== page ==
A new era for space exploration and research has begun: humans are now starting to embrace a whole new set of thoughts towards the universe and are becoming more and more involved in space-related topics, as they are now a fundamental part of everyday life.
Hope, prosperity, curiosity, determination, passion, ambition: these are the principles that guided the crew of the Inspiration4 mission, which successfully lifted off on Sept. 16 at 00:22 GMT, settling all the basis for the new frontier of the space tourism, as the crew is entirely formed by civilians. The mission’s primary goal is to raise awareness for St. Jude Children’s Research Hospital through the help of Jared Isaacman, CEO of Shift4Shop, who purchased the multiday flight from SpaceX. $200 million was the fundraising goal set, with $125 million donated by Jared Isaacman himself. The target was successfully fulfilled, raising a total of almost $240 million.
Innovation and research that will be conducted
One of the biggest reasons that make Inspiration 4 a significant milestone in the space sector is that the non-professional crew orbited around the Earth for three days at an altitude of 575 km, while previous launches only took passengers to suborbital trajectories and returned to the surface few minutes later. On the contrary, Inspiration 4 emphasizes public involvement in space missions and orbital trips. Moreover, during their permanence in space, the crew conducted experiments in a microgravity field, aboard the Crew Dragon capsule “Resilience”, which was carried to space by SpaceX’s Falcon 9 rocket.
The crew helped to perform medical experiments in zero gravity conditions, taking blood samples, sampling their personal biomes, and “swabbing the walls of the spacecraft”. Their research initiative is based on the desire to increase humanity’s knowledge on the impact of spaceflight on the human body, so they carried out investigations on human health and performances, collecting all environmental and biomedical data that will have many applications in future human flights. The experiments were sponsored by TRISH, a virtual institute that finds and funds disruptive science and medical technology, and includes:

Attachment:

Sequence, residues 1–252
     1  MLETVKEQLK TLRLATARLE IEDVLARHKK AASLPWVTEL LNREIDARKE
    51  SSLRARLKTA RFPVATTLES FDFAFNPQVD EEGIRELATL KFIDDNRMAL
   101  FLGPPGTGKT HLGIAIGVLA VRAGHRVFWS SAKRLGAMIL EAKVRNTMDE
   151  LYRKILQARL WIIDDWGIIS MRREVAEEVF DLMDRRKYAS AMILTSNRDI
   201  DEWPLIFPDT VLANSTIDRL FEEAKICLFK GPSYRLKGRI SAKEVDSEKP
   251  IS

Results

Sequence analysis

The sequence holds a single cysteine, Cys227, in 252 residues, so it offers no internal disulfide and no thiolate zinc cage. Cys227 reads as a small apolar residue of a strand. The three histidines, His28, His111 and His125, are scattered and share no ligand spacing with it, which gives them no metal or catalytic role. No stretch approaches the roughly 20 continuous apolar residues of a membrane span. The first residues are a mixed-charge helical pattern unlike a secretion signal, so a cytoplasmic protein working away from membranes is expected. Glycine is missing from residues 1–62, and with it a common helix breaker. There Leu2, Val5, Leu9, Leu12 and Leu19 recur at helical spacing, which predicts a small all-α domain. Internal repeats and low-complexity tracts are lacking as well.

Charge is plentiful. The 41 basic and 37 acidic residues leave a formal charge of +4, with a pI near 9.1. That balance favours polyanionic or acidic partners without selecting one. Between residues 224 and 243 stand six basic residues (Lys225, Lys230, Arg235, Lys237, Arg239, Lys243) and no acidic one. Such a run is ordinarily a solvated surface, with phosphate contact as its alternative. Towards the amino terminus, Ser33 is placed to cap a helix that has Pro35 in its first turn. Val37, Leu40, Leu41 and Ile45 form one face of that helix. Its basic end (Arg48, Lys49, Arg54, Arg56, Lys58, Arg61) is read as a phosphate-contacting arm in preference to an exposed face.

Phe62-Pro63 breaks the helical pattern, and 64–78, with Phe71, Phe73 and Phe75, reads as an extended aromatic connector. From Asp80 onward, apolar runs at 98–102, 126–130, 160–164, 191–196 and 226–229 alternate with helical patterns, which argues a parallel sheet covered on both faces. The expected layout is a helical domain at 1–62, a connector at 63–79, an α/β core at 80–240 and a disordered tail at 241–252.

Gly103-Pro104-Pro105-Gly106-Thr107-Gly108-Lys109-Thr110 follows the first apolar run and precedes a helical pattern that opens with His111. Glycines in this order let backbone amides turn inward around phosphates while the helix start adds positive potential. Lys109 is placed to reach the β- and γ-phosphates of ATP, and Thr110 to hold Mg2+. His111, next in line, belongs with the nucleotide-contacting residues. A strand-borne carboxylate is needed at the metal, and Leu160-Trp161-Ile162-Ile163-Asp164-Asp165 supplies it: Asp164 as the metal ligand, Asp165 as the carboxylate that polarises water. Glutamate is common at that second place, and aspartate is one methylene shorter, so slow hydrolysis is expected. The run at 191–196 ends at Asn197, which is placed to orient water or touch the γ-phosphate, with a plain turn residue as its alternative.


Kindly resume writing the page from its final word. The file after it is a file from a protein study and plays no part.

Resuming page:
- Collect research-grade ECG activity, movement, sleep, heart rate and rhythm, blood oxygen saturation, cabin noise and light intensity.
- Perform a series of tests in the Cognition app designed to assess changes in behavioural and cognitive performance.
- Scan organ systems via a Butterfly IQ+ Ultrasound device designed with artificial intelligence guidance for non-medical experts. Data collected will determine if non-medical experts can self-acquire clinical-grade images without guidance from ground support and provide a timeline of biological changes before and during spaceflight.
- Collect and test drops of blood during spaceflight for markers of immune function and inflammation
All the research was conducted collaborating with Weill Cornell Medicine to perform a longitudinal, multi-omics analysis of the crew, and the results were made accessible through an open data and repository funded by TRISH.
Jared Isaacman: commander and main lender of the mission. Founder of Shift4Shop and Shift4Payments. He selected the other three members from St. Jude’s staff through an entrepreneurial competition and a charity lottery.
Hayley Arceneaux: bone cancer survivor at a young age and now a Physician assistant at St. Jude, the hospital that saved her life. The first person to fly in space with a prosthetic arm and the youngest American to ever fly in space.
Chris Sembroski: Air Force veteran and mission specialist for Inspiration4. He has conducted several simulated space shuttle missions and supported STEM-based education designed to inspire young minds, selected among the donator to the fundraising campaign.
Dr. Sian Proctor: geoscientist and communication expert, pilot of the mission. Analog astronaut, she has completed multiple Earth-based missions that simulate the isolation of living in space, recently selected as an Explorer’s Club 50: Fifty People Changing the World.
All the crew members have received astronaut training by SpaceX, performing numerous simulation flights and spending over six months in training.
Follow the mission step-by-step!
To accentuate the public involvement of the mission, all the behind the scenes and focal passages of Inspiration4 were broadcasted on Netflix, starting from Sept 15. The episodes of the series focus on the training for all the crew members and all the preparations that can’t normally be seen by the public, then moving on to launch and lastly, the landing. So if you don’t want to miss any significant part, make sure to watch the series on Netflix!